My paper lantern needed three layers of overlapping tissue pieces, trying to ensure I was shiny-side up with each strip torn from a sheet, and working down as close to the neck of the balloon (which was upside down) as I could. It was a case of taking home the coated balloon and leaving it to dry before finishing the decorating of it.

Abigail’s examples for the workshop were beautiful, delicate-looking but pretty robust creations, that you pop a battery-operated, it must be stated, tealight inside. She suggested that, once dry, I should pop the balloon, if it hadn’t already deflated, and could then glue anything I wanted to the lantern – some dried leaves, perhaps, or some shapes cut from more coloured wet-strength tissue.

Making a paper lantern is a messy but fun business!
Making a paper lantern is a messy but fun business! -Credit:Katie Pugh/HTAE

Abigail said I could cut a wavy pattern along the top edge, or add a row of blanket stitch to it – anything I fancied. I've not got round to that part just yet but when it's finished, I'm looking forward to my home-made lantern glowing on my hearth.

Sian Ward, community lead at Hull City Council, said: "HTAE offers a range of tailored learning opportunities with the primary purpose of supporting learners’ journeys into employment or progression to further learning, as well as improving health and wellbeing; equipping parents/carers to support their child’s learning and to develop stronger and more integrated communities."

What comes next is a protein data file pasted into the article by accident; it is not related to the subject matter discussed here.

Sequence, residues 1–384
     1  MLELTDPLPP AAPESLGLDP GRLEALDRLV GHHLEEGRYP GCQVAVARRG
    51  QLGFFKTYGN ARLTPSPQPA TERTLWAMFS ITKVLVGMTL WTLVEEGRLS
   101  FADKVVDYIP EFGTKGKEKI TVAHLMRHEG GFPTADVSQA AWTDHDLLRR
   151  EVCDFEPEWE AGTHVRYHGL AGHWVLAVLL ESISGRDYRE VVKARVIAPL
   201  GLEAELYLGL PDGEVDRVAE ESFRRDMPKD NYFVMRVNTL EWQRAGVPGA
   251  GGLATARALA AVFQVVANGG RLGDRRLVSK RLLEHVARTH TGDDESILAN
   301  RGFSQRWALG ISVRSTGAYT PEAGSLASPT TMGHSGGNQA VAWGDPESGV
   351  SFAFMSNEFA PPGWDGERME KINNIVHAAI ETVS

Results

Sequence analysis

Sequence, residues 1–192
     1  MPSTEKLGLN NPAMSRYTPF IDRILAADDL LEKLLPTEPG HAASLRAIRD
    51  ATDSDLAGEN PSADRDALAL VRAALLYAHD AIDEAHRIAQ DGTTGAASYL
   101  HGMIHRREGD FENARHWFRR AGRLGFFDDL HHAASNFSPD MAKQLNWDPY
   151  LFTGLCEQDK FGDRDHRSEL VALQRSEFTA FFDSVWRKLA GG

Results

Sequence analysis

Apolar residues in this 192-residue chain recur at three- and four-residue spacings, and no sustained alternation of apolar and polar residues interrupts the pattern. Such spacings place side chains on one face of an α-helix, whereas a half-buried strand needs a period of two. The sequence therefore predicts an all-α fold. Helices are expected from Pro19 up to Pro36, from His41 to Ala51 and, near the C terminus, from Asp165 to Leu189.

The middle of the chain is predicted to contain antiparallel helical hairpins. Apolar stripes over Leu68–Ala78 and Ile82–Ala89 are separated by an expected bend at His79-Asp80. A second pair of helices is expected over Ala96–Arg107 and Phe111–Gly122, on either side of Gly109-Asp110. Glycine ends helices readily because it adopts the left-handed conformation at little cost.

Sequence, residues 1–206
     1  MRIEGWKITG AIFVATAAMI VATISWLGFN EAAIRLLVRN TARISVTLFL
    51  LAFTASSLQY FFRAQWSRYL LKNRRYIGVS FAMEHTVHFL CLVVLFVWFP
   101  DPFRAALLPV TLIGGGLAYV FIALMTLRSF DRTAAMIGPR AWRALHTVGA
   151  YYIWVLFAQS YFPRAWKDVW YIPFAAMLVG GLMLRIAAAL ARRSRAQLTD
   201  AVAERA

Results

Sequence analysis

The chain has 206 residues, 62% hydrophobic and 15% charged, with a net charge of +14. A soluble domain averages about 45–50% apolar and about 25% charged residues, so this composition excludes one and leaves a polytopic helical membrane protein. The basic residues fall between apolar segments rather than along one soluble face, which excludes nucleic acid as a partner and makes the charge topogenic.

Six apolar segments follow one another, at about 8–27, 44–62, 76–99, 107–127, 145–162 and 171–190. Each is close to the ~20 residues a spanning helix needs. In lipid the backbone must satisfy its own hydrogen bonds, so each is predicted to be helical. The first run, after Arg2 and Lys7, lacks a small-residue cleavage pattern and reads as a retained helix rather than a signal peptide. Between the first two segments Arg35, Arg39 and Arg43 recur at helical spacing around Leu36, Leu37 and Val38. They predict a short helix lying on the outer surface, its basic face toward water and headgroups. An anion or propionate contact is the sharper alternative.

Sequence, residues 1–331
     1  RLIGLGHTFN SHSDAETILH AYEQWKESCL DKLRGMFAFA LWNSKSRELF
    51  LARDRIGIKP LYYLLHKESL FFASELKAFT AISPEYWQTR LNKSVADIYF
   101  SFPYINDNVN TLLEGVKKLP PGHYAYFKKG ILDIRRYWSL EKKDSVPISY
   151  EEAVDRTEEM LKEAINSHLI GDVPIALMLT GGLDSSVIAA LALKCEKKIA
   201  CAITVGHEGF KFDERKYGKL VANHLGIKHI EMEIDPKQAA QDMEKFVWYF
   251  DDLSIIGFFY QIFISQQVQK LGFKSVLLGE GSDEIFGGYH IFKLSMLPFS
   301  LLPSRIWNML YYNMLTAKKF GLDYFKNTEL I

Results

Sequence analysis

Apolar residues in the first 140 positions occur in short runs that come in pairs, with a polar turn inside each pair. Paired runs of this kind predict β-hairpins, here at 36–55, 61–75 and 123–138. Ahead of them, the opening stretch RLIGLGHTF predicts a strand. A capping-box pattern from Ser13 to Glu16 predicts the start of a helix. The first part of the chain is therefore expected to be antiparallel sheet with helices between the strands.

Here is what some previous students have had to say:

  • “The workshop was fantastic; it gave me the confidence to use my overlocker which had been sat unused in its box for eight years!” – Sewing learner

  • “Feeling part of an amazing group of learners, supporting each other has been so rewarding and good for my wellbeing” – Pottery learner

  • “I have gained a deeper knowledge surrounding specific topics in relation to children’s behaviours.” Learning about children’s behaviours learner

  • “I have learnt a wide range of skills which I can take and use in my own artwork” – Craft learner

Sian Ward, community lead at Hull City Council, at The Avenues Adult Education Centre, Park Avenue, Hull
Sian Ward, community lead at Hull City Council, at The Avenues Adult Education Centre, Park Avenue, Hull -Credit:Katie Pugh/HTAE

HTAE is providing free engaging workshops, through August 2024, funded by the Education and Skills Funding Agency. There are opportunities for all to come along and have a go at a craft or skill that they may have never tried before.

Hanging bird bath

Thursday, August 1, 9.30am to noon, The Avenues Adult Education Centre (AVES)

Confidence building

Wednesday, August 7, 10am to noon, AVES

Family crafts

Wednesdays, August 14 and 21, 10am to noon, AVES

Family rules

Thursday, August 15, 1pm to 3pm, AVES

Family pottery – Under The Sea

Monday, August 19, 1pm to 3.30pm, AVES and on Thursday, August 29, 9.30am to noon, Preston Road Adult Education Centre (PRAE)

Green Man pottery workshop

Thursday, August 22, 9.30am to noon, PRAE

Raku-Obvara workshop

Wednesday, August 28, 9.30am to 2.30pm, AVES

Family vegetable printing workshop

Wednesday, August 29, 10am to 12.30pm, AVES